It all started when I stopped eating solid foods. It wasn't by choice, I know only a few fanatics who would willingly choose to give up solid foods, and even they admit it's something they only did while too young to know better.

But I was recovering from an intestinal disorder and to help speed the process, I went on a liquid diet for two weeks (if that doesn't seem long to you, try it yourself!).

Not surprisingly, during this time I thought a lot about food. OK, so I thought of little else. And it made me realize just how important, yet also how ubiquitous food is—and how we so often take it for granted. You can't watch TV for more than a minute without seeing a food commercial, or someone on a sit-com eating a brownie or Pizza (on a recent "must-see-TV" night, characters on every show mentioned or ate both!).

Yet many of us reach the point where we get bored with food. "What's for dinner?" we ask, not knowing, sometimes not caring.

"You don't know what you've got till it's gone," hit me in the stomach. I was literally weak with hunger, and it reminded me, in a way I couldn't avoid, that food is the "gift of life," not just the gift of sustenance.

So, while unable to eat, I was able to read about food. And in that spirit, I asked friends to write about their most memorable meals, offer favorite recipes, or just tell me what they ate for dinner last night. It's my hope that reading these responses will remind you of the wonder of food, so you'll appreciate it and not take it for granted.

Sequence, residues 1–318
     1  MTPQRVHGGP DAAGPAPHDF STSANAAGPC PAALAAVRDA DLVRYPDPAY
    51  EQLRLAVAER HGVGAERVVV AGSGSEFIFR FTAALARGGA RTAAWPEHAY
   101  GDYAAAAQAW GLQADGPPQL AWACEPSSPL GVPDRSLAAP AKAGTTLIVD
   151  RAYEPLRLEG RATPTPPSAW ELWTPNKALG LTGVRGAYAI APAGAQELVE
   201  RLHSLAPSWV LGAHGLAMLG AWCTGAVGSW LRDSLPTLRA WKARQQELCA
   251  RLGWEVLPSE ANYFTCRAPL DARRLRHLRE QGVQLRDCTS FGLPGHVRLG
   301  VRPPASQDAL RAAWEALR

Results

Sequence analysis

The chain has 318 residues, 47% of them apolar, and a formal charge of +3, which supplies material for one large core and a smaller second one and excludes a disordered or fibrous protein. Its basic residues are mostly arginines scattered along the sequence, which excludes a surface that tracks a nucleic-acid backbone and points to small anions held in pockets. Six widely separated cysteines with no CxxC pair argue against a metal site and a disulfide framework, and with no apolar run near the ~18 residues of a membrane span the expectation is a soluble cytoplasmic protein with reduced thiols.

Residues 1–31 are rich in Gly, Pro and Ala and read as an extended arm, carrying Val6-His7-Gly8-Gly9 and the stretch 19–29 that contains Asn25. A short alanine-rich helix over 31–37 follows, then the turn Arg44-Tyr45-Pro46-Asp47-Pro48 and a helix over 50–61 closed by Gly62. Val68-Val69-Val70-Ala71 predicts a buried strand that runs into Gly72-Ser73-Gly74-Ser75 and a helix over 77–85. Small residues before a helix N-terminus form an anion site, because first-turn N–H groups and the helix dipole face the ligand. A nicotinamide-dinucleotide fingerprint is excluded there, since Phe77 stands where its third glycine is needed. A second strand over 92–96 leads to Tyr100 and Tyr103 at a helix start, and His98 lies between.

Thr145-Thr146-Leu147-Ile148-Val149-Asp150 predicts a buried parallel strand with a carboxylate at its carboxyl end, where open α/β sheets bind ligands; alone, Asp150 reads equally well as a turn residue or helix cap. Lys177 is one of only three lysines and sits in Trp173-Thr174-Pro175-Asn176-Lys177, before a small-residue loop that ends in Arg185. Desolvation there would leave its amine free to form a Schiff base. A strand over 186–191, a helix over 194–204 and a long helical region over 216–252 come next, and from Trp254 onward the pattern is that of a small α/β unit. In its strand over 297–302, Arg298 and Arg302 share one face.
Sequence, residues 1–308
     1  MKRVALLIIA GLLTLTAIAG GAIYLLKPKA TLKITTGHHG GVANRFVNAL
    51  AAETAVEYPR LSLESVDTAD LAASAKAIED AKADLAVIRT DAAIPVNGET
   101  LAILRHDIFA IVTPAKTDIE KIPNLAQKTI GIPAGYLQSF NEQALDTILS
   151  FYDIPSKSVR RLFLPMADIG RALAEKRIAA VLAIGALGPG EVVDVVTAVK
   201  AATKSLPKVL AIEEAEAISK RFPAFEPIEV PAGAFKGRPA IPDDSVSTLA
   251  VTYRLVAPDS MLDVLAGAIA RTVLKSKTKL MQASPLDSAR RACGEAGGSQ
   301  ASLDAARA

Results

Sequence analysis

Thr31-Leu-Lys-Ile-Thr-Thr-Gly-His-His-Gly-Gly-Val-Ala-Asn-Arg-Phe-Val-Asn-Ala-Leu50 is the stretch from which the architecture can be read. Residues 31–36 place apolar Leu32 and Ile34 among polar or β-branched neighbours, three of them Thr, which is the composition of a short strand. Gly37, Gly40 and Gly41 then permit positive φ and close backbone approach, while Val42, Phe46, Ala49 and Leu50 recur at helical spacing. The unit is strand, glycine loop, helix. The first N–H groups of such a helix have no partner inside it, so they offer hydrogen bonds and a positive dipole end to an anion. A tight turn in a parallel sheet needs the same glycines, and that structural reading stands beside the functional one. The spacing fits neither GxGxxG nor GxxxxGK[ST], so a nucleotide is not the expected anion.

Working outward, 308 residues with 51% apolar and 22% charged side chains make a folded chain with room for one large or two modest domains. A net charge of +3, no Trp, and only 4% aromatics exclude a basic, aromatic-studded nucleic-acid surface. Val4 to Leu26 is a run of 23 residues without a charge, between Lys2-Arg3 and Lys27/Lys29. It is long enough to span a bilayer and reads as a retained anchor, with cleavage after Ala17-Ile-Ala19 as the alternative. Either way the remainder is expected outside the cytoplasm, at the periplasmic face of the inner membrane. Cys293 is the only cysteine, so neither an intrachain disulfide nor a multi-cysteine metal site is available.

We're amazingly lucky to live in a time (and most of us with computer access also live in a place) where food is not only available, it's abundant. Supermarkets are stocked with almost everything we can imagine, in-season and often out of it. No time in history has allowed so many people so much access to so much food. Yet we take it for granted.

And we shouldn't, because although so many of us have food readily available, most people in the world do not. Most people suffer from hunger. This doesn't mean they're just hungry, we all get hungry, it means they're hungry and don't get food. If this concerns you, please give money to a local food bank, because there are even people within walking distance of your supermarket who can't afford the wonders inside. To find a food bank near you (you can donate either food or money), visit Second Harvest, a national food bank.

And when you can afford the wonder of food, please appreciate every bite.

Come read about:

Memorable Meals

Favorite Recipes

If you'd like to contribute a piece, just e-mail me

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